Featured Eczema Article
Seriousness Of Eczema Herpeticumby MultiSkinCare.com
Eczema, often referred to as atropic eczema, is a skin condition that affects many people at some time in their life. Although it usually affects young children (infantile eczema), it also affects older children, teenagers and young adults. Symptoms of eczema often resurface from time to time. Symptoms of eczema are a rash. Sometimes you may feel itchiness before the rash even appears on your body. This is why eczema is often called "the itch that causes a rash" instead of a rash that causes an itch. Other symptoms are dry, itchy, scaly skin usually on the face, neck, hand and legs. In children, it may also occur on the elbows and knees. They may be patches of redness as well as skin lesions depending on the severity of the eczema. Atropic eczema, although a irritating and bothersome condition, is not serious. It's important that you be certain that it is eczema you have is not a more serious condition such as Eczema Herpeticum.
Eczema Herpeticum is a variety of the herpes simplex virus infection. Eczema Herpeticum will affect those individuals that are suffering from atropic eczema. Unlike "regular" eczema, which is not serious, eczema Herpeticum will often spread across your entire body. In addition attacking and affecting the pre-existing skin conditions, it may also damage some of your vital organs such as your brain, eyes, liver and lungs. This is why eczema Herpeticum is considered a possibly fatal condition. Hepetic infection should not be taken lightly. Because eczema Herpeticum is considered a dermatological emergency, doctors will usually begin treatment even before the diagnosis is certain, if they suspect the infection is present. The most common treatments for eczema Herpeticum are Valaciclovir and Acyclovir.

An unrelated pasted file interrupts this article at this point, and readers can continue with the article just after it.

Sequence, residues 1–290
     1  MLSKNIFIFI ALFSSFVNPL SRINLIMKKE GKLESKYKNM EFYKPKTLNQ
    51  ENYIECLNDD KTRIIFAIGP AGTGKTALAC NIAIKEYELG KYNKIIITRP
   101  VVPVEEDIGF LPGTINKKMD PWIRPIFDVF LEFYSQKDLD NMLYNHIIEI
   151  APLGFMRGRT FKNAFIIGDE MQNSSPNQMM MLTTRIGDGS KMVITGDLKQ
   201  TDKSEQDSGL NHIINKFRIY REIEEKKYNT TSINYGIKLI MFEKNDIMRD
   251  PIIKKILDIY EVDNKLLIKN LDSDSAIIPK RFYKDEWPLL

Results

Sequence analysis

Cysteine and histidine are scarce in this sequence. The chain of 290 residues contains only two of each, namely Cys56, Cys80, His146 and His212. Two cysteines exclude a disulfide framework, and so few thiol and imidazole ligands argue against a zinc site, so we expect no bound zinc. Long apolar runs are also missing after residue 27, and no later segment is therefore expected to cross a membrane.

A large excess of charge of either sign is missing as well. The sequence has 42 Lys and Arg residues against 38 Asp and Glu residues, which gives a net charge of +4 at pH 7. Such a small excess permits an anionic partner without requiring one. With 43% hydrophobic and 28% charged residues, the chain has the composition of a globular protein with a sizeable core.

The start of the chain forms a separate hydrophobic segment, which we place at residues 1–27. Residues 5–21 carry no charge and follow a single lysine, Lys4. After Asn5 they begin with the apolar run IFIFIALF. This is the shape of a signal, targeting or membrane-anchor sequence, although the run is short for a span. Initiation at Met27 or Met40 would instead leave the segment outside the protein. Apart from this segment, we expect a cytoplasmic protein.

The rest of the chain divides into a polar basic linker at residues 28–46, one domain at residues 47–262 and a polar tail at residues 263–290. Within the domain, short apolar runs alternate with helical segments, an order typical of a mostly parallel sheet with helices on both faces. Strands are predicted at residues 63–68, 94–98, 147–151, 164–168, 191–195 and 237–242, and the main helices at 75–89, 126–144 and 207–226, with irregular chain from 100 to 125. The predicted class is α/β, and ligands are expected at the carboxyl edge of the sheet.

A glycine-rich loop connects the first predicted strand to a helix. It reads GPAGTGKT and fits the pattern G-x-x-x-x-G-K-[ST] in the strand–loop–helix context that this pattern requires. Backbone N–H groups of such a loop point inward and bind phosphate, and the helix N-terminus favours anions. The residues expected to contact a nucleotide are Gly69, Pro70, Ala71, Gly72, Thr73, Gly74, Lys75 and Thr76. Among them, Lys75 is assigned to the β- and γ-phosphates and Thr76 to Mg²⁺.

Common symptoms of eczema Herpeticum are very dry and itchy skin, which usually is red and inflamed. In some cases, blisters may form on the lesions, ooze puss, and become crusty. Antiviral therapies are usually the treatment that is used for eczema Herpeticum.
Even if you have suffered from eczema in the past, do not always assume that's what you are developing. It's better to see a doctor and get an accurate diagnosis than risk the consequences. If you have a family history of asthma, hay fever or eczema and suddenly develop unexplained rash, see a doctor. If you have an inflammation that doesn't respond to hydrocortisone treatments within a week, you should also consult your doctor. He will probably recommend a stronger treatment and monitor your condition.
Another sign to beware of is if your existing eczema marks become yellow/brownish and crusty or pus-filled on top of old eczema marks. If you are exposed to anyone that has cold sores or genital herpes while you have a eczema bout, you are at higher risk and should contact your doctor. In all cases, it's better to be safe than sorry.